2 competitors have died after the conclusion of the Ironman 70.3 Wisconsin triathlon last weekend in Madison. Both athletes died in the swim portion of the event, which continues to be by-far the most dangerous portion of a triathlon.
38-year old Todd Mahoney, a firefighter with the Madison Fire Department, was found unresponsive in the water on Lake Monona on Saturday morning. About an hour earlier, 61-year old Michael McCulloch was also found unresponsive in the water.
Both men were transported to a hospital. McCulloch was declared dead shortly after arriving, while Mahoney was in critical condition for 2 days before eventually dying on Tuesday. Both men are believed to have suffered ‘medical events’ in the water, with the medical examiner declaring McCulloch’s death a drowning as a result of a medical event.
A week earlier, a 59-year old man died in the swim portion of a triathlon in neighboring Jefferson County.
According to a 2016 study by the Minneapolis Heart Institute Foundation, deaths and cardiac arrest during triathlons is not all-that-rare. After reviewing data from about 9 million triathlon participants in a 31-year period, statistics they found:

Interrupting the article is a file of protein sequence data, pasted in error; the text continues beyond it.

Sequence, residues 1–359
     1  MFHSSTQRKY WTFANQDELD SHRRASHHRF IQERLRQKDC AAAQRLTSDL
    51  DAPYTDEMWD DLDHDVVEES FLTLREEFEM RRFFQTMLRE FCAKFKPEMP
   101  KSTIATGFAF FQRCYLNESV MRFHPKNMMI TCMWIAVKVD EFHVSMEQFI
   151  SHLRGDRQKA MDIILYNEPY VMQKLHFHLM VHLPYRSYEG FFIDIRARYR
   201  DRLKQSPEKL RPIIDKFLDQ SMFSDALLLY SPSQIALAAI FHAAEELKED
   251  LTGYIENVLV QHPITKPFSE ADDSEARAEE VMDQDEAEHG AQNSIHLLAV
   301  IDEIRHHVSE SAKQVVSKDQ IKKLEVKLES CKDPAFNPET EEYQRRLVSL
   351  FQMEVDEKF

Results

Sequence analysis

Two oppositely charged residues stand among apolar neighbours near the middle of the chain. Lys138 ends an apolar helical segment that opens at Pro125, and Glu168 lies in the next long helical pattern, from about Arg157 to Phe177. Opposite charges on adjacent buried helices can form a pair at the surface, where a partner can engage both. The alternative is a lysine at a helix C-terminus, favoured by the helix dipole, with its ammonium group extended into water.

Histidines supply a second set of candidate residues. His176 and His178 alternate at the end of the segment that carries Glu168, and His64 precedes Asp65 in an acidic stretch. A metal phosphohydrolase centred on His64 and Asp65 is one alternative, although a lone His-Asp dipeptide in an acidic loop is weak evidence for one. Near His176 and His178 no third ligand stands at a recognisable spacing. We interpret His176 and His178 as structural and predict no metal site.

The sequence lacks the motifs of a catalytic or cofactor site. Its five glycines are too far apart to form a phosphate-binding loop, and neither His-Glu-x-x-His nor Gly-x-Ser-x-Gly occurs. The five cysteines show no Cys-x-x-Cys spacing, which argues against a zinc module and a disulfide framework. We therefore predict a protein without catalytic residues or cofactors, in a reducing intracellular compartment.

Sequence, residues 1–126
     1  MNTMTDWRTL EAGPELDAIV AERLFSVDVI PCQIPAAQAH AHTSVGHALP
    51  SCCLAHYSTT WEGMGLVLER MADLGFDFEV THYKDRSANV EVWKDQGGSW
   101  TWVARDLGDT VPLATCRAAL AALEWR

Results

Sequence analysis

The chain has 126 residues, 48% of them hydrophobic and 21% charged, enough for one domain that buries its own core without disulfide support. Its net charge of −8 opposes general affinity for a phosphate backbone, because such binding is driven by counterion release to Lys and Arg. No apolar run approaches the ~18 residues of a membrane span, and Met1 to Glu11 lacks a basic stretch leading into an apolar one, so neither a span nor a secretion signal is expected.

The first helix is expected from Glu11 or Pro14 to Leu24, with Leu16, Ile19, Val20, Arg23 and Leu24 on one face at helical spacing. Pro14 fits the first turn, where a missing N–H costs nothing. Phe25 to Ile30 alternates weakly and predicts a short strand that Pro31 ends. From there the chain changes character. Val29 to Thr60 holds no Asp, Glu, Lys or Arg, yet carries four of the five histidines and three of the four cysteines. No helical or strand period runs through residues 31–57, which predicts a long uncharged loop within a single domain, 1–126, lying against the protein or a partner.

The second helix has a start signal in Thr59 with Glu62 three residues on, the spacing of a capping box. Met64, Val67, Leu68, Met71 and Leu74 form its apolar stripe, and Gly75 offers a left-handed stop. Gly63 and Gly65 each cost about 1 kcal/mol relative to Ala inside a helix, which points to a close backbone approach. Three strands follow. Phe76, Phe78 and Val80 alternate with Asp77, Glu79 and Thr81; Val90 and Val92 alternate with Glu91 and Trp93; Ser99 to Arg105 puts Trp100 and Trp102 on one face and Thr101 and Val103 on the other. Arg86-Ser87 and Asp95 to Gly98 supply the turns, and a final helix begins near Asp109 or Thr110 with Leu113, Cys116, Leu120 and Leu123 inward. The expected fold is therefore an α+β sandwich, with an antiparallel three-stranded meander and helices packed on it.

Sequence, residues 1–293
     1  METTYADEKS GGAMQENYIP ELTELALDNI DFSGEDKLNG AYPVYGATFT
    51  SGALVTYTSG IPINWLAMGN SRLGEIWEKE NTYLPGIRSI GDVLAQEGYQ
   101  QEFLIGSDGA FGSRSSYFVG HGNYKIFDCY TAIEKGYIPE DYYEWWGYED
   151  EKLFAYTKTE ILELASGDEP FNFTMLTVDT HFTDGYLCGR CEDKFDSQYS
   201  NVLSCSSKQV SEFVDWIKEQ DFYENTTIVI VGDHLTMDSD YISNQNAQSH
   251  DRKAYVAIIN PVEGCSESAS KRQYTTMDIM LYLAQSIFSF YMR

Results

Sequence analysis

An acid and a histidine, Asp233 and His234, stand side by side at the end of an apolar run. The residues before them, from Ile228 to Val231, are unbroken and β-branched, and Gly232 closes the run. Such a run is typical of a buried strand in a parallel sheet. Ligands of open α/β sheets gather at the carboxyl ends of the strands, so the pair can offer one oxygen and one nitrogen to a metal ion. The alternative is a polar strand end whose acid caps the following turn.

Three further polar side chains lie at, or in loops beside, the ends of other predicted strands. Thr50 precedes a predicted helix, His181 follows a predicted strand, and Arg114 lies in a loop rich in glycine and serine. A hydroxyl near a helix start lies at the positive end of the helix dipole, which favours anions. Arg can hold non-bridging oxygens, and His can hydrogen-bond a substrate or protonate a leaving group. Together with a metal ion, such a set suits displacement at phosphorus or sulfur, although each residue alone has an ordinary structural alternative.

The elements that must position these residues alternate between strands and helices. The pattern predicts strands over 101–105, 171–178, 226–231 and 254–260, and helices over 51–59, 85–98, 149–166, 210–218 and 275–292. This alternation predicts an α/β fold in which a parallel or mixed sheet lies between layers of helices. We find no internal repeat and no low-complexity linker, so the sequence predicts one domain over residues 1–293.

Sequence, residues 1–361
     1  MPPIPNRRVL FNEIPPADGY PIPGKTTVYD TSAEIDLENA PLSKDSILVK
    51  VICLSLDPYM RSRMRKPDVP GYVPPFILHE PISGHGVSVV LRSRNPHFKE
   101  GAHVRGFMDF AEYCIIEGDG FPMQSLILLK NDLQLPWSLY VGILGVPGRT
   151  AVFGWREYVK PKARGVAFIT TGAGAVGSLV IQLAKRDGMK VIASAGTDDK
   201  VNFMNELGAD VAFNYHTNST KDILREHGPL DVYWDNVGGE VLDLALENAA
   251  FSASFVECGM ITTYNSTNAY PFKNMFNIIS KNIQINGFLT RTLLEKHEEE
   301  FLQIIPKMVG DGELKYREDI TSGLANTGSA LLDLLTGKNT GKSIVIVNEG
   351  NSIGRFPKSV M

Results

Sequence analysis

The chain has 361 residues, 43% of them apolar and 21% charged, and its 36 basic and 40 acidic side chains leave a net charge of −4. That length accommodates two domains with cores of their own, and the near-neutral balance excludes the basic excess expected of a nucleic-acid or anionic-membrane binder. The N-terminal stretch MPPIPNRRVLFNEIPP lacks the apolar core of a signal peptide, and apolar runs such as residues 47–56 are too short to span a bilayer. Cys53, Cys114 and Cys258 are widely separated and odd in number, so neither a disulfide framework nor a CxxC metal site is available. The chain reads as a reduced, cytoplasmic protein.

- About 1.7 deaths per 100,000 people occur in triathlon
- The majority of those deaths and cardiac arrests occurred in men who were middle-age and older
- Deaths occurred at a higher rate in first time participants
- Most deaths in triathlons came during the swimming portion
- They found a total of 135 sudden deaths, resuscitated cardiac arrests, and trauma-related deaths.
Between 1985 and 2016, 109 of those 135 events resulted in deaths, with 72 occurring in the swim, 20 occurring in the cycling portion, and 17 occurring in the run. Deaths in cycling events were primarily due to trauma caused by collisions.
Swimming is both the first leg and the shortest leg (by time and distance) of most triathlons.
Due to the high risk of undetected cardiovascular disease in those who have died, experts have recommended better screenings for participants.